by Alice Nunn
Last Tuesday on 6th February, I joined hundreds of people from across Bristol in a fantastic lantern parade from Berkeley Square, down Park Street and onto College Green, to mark 100 years since the first women were allowed to vote in Britain.
Granted, only women over 30 who owned property or were graduates voting in a university constituency were added to the electoral register, following the signing of the Representation of the People Act on 6th February 1918. However, it was a start, and laid the foundations for the Equal Franchise Act ten years later, which gave all women over the age of 21 the right to vote, whether they owned property or not.
The cold rain didn’t dampen the spirits of those taking part in the parade, and women from across the city participated in the colourful event, displaying the most wonderful lanterns and playing an assortment of music, including an all-female brass band and a performance from the 100 Voices girls’ choir. The pinnacle of the parade was a pair of two beautifully sculpted paper lanterns in the form of two suffragettes, proudly wearing their sashes in purple green and white.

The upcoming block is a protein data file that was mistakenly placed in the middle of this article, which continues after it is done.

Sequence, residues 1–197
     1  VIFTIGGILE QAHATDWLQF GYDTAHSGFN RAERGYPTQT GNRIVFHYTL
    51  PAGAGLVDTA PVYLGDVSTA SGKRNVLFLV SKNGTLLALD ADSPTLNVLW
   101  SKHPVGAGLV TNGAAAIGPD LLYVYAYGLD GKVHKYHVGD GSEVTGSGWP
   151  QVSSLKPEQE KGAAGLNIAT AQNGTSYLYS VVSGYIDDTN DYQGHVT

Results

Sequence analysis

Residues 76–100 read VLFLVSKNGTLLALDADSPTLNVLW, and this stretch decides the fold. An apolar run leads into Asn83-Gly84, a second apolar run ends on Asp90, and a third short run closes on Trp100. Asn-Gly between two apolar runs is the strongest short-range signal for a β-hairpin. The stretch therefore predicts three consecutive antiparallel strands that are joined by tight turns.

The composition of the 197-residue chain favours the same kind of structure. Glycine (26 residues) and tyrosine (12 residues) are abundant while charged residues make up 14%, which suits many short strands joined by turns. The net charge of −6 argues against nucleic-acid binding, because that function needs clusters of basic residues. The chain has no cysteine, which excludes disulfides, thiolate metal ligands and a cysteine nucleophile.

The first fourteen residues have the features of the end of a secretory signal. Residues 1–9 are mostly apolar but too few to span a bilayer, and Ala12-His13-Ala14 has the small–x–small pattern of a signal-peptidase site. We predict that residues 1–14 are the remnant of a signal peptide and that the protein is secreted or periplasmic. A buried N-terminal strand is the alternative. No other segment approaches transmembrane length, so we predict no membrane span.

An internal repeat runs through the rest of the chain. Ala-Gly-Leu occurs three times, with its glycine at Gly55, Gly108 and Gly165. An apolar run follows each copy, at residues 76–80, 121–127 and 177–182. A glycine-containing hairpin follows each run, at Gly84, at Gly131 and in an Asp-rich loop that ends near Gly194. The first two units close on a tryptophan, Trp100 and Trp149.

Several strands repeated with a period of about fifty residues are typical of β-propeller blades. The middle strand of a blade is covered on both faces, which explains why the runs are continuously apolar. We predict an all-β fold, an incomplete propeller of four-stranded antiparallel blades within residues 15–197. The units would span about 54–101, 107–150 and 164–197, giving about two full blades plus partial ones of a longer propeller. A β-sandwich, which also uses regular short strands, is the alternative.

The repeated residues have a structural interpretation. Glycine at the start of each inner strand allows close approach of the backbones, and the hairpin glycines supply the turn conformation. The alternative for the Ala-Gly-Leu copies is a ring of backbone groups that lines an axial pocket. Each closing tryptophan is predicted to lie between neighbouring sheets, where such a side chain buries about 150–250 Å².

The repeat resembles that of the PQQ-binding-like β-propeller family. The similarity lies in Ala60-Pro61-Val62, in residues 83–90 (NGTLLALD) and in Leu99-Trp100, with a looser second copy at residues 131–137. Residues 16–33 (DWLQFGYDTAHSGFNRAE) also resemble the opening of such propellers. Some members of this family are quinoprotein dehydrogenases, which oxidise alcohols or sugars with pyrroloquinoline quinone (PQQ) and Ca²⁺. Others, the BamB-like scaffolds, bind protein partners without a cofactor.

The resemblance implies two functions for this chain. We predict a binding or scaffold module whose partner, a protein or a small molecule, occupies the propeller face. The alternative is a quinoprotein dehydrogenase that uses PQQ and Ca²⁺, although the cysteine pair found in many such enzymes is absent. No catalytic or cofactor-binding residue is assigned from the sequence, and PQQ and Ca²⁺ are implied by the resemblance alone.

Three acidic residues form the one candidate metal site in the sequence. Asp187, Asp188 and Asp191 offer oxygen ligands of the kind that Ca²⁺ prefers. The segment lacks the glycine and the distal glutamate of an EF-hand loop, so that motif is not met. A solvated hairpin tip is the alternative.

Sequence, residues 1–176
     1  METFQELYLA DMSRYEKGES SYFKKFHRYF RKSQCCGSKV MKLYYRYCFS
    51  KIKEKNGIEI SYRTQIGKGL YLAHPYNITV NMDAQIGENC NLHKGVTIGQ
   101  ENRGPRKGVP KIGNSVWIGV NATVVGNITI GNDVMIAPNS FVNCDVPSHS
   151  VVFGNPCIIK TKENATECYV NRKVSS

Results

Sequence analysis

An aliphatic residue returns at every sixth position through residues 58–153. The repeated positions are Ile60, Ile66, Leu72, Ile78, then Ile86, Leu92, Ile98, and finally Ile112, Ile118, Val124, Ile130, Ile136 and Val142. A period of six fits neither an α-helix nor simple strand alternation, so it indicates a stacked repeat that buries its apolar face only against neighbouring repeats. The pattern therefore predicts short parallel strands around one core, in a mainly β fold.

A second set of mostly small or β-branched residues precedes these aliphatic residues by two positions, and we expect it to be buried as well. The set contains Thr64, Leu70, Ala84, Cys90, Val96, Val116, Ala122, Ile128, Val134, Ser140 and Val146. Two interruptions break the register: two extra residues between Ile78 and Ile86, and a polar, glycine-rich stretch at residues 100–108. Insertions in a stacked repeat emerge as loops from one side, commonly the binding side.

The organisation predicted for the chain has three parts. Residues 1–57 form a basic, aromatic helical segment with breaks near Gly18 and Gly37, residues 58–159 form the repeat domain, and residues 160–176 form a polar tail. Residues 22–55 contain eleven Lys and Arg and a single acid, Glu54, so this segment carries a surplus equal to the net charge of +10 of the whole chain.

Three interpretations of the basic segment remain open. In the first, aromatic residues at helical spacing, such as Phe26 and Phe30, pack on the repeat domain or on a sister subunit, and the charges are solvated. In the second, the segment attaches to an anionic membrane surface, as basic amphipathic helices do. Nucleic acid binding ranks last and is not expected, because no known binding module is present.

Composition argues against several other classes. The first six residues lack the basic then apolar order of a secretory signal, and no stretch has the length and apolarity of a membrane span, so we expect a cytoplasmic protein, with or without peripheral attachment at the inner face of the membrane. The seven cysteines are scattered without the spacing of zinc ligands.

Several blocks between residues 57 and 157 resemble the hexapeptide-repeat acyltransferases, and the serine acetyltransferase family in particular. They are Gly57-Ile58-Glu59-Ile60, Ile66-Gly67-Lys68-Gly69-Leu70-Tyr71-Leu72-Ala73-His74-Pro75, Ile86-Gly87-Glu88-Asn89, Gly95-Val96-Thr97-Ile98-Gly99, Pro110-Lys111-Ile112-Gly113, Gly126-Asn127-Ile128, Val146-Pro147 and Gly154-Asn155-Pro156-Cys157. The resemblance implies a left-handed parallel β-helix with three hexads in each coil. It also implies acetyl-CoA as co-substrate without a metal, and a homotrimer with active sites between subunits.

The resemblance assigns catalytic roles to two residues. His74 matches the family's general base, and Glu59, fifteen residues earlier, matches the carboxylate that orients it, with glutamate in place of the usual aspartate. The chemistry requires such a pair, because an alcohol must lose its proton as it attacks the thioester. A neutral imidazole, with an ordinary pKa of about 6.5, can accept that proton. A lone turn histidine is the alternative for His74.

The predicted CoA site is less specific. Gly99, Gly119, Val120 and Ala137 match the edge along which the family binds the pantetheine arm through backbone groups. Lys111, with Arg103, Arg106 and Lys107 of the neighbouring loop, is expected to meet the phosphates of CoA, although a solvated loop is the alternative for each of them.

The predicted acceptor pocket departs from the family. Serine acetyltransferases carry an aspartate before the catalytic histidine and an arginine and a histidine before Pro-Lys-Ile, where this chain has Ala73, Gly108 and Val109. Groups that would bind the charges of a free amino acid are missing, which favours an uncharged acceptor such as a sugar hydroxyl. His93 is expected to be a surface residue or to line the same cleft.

International Women’s Day is on 8th March and we are will mark the occasion by starting a series of discussions and projects that explore the way in which female designers and planners impact the places and spaces in which we live and work